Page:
In HSBC, we concluded an assignee of a note and deed of trust had standing, by virtue of the assignment, to assert a violation of the prior lienholder's due-process rights through an attack on an existing judgment by bill of review. In this case, when MERS assigned the deed of trust to Wells Fargo, which already owned the note, that assignment included MERS's bill-of review claim. Id. at 775, 777. Wells Fargo now stands in MERS's shoes for purposes of collaterally attacking the final judgment as void on the basis that MERS's due-process rights were violated when Kingman failed to give MERS notice of the First Lawsuit, and appellees do not have standing to bring this bill of review proceeding.10

We resolve Kingman's first issue in its favor, vacate the trial court's order denying the plea to the jurisdiction, and render judgment dismissing the case for lack of jurisdiction.11

JUDGMENT

In accordance with this Court's opinion of this date, we vacate the trial court's order denying Kingman Holdings, LLC's plea to jurisdiction and DISMISS this case for want of jurisdiction.

It is ORDERED that appellant Kingman Holdings, LLC recover its costs of this appeal from appellee Mortgage Electronic Registration Systems, Inc. and MERSCORP Holdings, Inc.

FOOTNOTES

3.   The facts contained in the body of this opinion are taken from the parties' and DHI's summary judgment evidence.

4.   MERS is a recognized “book entry system.” See TEX. PROP. CODE ANN. § 51.0001(1) (West 2014) (“book entry system” means a national book entry system for “registering a beneficial interest in a security instrument that acts as a nominee for the grantee, beneficiary, owner, or holder of the security instrument and its successors and assigns”); Morlock, L.L.C. v. Nationstar Mortg., L.L.C., 447 S.W.3d 42, 46 (Tex. App.—Houston [14th Dist.] 2014, pet. denied). The MERS® System is designed to track transfers and avoid recording and other transfer fees that are otherwise associated with the sale of real property. Morlock, L.L.C., 447 S.W.3d at 46; Campbell v. Mortg. Elec. Registration Sys., Inc., No. 03-11-00429-CV, 2012 WL 1839357, at *4 (Tex. App.—Austin May, 18, 2012, pet. denied) (mem. op.). When a mortgage is executed through a MERS® System member and registered in the MERS® System, it is recorded in the real property records with MERS named on the instrument as nominee or mortgagee of record. Robeson v. Mortg. Elec. Registration Sys, Inc., No. 02-10-00227-CV, 2012 WL 42965, at *5 (Tex. App.—Fort Worth Jan. 5, 2012, pet. denied) (mem. op.). While the mortgage is in effect, the original lender may transfer the beneficial ownership or servicing rights on the mortgage to another MERS® System member, with MERS tracking these electronic transfers. Id. These assignments are not recorded in the real property records. Id; Campbell, 2012 WL 1839357 at *4.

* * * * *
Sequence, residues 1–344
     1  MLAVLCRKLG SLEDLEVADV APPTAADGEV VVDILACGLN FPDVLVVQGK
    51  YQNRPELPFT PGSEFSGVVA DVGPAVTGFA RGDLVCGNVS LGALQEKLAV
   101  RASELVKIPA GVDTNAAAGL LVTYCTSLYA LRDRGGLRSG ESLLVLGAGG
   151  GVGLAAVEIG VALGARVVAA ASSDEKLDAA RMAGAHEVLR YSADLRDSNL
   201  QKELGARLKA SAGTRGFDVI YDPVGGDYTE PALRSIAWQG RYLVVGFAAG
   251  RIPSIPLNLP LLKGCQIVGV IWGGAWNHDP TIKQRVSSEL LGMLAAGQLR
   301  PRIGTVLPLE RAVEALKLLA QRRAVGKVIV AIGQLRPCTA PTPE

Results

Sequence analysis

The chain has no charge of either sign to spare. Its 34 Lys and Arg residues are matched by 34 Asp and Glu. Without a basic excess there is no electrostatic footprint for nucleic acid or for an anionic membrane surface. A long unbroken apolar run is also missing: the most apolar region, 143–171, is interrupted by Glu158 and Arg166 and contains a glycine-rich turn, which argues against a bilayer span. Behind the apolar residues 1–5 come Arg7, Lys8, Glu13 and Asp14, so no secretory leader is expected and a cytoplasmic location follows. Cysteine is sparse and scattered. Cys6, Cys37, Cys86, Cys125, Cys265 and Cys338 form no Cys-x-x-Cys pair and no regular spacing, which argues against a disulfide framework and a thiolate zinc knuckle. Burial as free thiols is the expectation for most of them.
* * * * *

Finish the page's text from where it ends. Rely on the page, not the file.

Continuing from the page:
5.   The business model of a Kingman principal has been described as “revolv[ing] around purchasing properties at assessment lien foreclosures and then filing suit in an attempt to have the superior mortgage lien declared invalid.” JPMorgan Chase Bank NA v. Ngo, Case No. 4:13CV273, 2014 WL 229482, at *2 (E.D. Tex. Jan. 21, 2014).

6.   In its response to appellees' motion for summary judgment, DHI asserted that it held no interest or title in the Property at the time of the First Lawsuit and never intended, or had any authority, to release any interest in the Property held by another entity by agreeing to the Final Judgment.

7.   A bill of review is a suit to set aside a prior judgment that is no longer subject to challenge by motion for new trial or appeal. Caldwell v. Barnes 154 S.W.3d 93, 96 (Tex. 2004) (per curiam).

8.   A judgment is also void when the trial court had no jurisdiction of the subject matter, no jurisdiction to enter the particular judgment, or no capacity to act. PNS Stores, Inc., 379 S.W.3d at 272.

9.   Appellees also assert they have standing because the failure to give MERS notice of the First Lawsuit negatively impacts their business model through a potential loss of business. This argument is also premised on the failure to give MERS notice of the First Lawsuit, and we will not address the argument separately.

10.   Our opinion in this case in no way condones Kingman's actions in obtaining a final judgment adversely affecting the interests of parties not named in the litigation or provided notice of the litigation.

11.   Based on our disposition of Kingman's first issue, we need not address its other complaints. See TEX. R. APP. P. 47.1.

ROBERT M. FILLMORE JUSTICE